fri 29/05/2020

Film Reviews

The Hustle review - rotten scoundrels

Nick Hasted

This third version of Dirty Rotten Scoundrels yarn of rival, class-warring con artists on the French Riviera is just something for Anne Hathaway and Rebel Wilson to do till a better gig comes along....

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Destination Wedding review - a misanthropic modern-day romance

Joseph Walsh

Recently, Keanu Reeves and Winona Ryder have found themselves in a career renaissance. Reeves has made a remarkable comeback as the dog-loving action-hero John Wick, while Ryder won audiences over as the grief-stricken mother, Joyce Byers, in Netflix’s 80s nostalgia-fest Stranger Things.

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Pokémon Detective Pikachu review - a cute commercial

Nick Hasted

This is the Who Framed Roger Rabbit? of the Pokémon franchise, bringing the video game’s cute critters into a live-action, ...

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Madeline's Madeline review – American indie heralds an astonishing new star

Demetrios Matheou

“You are not the cat.

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High Life review - Claire Denis boldly goes where she hasn't gone before

Saskia Baron

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Arctic review - The Martian on ice

Adam Sweeting

This is the first feature film by Brazil-born director Joe Penna (previously best known for his hit YouTube channel MysteryGuitarMan), but you’d never have guessed. Clocking in at a crisp and chilly 98 minutes, Arctic is an immaculately controlled exploration of the theme of man versus the elements, assisted immeasurably by having Mads Mikkelsen as its protagonist, Overgård.

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Extremely Wicked, Shockingly Evil, and Vile review - pedestrian Ted Bundy biopic

Saskia Baron

Why make a feature film about Ted Bundy, the notorious 1970s serial killer when you’ve already made Conversations with a Killer, a four-part factual series for Netflix about him?

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Vox Lux review – music biz drama with big ideas

Graham Fuller

Common to the recent spate of films about aspiring singers, the theme of fame’s corrupting influence is hardly new.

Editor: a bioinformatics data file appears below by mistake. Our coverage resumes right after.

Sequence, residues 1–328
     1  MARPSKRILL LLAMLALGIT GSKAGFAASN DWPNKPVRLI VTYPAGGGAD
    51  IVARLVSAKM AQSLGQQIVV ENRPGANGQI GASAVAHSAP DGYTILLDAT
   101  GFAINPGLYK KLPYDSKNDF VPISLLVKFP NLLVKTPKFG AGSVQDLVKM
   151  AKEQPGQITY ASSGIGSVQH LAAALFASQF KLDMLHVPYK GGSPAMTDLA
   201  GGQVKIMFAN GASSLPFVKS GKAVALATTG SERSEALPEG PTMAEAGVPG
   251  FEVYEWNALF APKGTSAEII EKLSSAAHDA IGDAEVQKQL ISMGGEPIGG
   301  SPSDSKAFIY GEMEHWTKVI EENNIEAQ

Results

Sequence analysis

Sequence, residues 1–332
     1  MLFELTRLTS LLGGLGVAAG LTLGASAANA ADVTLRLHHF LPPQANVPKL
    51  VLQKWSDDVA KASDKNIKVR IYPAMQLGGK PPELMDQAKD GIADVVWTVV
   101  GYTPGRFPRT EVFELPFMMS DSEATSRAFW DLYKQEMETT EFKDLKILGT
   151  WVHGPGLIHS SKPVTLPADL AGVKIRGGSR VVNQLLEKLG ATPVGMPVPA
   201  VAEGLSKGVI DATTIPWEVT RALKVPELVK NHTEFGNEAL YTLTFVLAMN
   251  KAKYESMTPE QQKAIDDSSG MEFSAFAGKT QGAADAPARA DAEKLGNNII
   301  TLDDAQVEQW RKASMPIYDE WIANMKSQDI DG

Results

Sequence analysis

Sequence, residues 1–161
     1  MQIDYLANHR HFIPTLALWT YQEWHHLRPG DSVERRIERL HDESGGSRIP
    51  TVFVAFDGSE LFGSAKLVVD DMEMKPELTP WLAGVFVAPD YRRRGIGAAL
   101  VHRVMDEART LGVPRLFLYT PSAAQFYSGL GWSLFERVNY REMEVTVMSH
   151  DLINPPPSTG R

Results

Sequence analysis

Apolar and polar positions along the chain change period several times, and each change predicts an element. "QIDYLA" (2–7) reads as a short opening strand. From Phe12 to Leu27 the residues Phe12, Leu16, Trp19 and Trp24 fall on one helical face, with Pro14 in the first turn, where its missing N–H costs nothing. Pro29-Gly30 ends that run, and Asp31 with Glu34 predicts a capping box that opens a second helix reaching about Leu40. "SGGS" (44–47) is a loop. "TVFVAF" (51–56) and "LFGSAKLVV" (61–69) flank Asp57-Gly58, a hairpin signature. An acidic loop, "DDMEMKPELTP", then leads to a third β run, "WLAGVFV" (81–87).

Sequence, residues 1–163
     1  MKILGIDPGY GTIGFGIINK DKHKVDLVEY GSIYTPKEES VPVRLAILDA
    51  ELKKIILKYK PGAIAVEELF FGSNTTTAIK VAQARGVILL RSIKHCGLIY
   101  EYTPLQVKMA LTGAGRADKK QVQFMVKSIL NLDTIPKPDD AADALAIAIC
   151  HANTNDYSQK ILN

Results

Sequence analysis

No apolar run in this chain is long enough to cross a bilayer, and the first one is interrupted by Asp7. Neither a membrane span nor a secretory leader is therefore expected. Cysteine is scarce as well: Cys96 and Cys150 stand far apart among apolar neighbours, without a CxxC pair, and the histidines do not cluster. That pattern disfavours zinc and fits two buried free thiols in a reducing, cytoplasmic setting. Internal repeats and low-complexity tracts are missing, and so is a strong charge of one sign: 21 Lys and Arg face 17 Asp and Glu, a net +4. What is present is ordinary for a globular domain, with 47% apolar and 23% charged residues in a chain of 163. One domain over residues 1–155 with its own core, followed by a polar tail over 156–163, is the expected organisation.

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Woman at War review – timely comedy-drama about an eco-warrior with a difference

Demetrios Matheou

What is it about Nordic women and the environment?

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Stanley Kubrick: The Exhibition, Design Museum review - immersive detail

Tom Birchenough

Who would have known that the word “Kubrickian” only entered the Oxford English Dictionary last year? You’d have thought that one of the great film directors of the 20th century would have earned his own epithet long ago.

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Tolkien review - biopic charms but never wows

Joseph Walsh

Finnish director Dome Karukoski’s Tolkien follows the same formula of many literary biopics, with a tick-box plot of loves, friendships and hardships that forged the writing career of one the 20th Century’s greatest fantasy writers.

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Long Shot review - semi-hilarious odd couple romcom

Nick Hasted

This is a romcom of two radically different halves, vaulting so dizzyingly from insultingly unbearable to daringly hilarious that walking in half-way through becomes a viable option.

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Donbass review - war stories from the Ukrainian front

Tom Birchenough

The latest from the prolific Sergei Loznitsa, Donbass is a bad-dream journey into the conflict that’s been waging in Eastern Ukraine since 2014, barely noticed beyond its immediate region.

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Styx review - high seas, high stakes refugee nightmare

Nick Hasted

The Mediterranean’s massacres of the refugee innocent come uncomfortably close to a lone female sailor in this stark parable of European helplessness and indifference.

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Avengers: Endgame review - Marvel save the biggest and best for last

Owen Richards

The Earth’s mightiest defenders are back in a triumphant climax, 11 years in the making. Despite a three hour runtime and an overstuffed preceding chapter, the Russo Brothers pull off the near-impossible by creating a wholly satisfying final chapter, and possibly the best film in the Marvel Cinematic Universe.

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Eighth Grade review - a dazzlingly real portrait of a teenage girl

Markie Robson-Scott

“Hey guys, it’s Kayla, back with another video. So, the topic of today’s video is being yourself.” Kayla Day (the wonderful Elsie Fisher, nominated for a Golden Globe and also heard as the voice of Agnes in Despicable Me) is in her last week of eighth grade in upstate New York, compounding the horror of being 13 years old by making self-help YouTube videos in her bedroom. “As always, make sure to share and subscribe to my channel.

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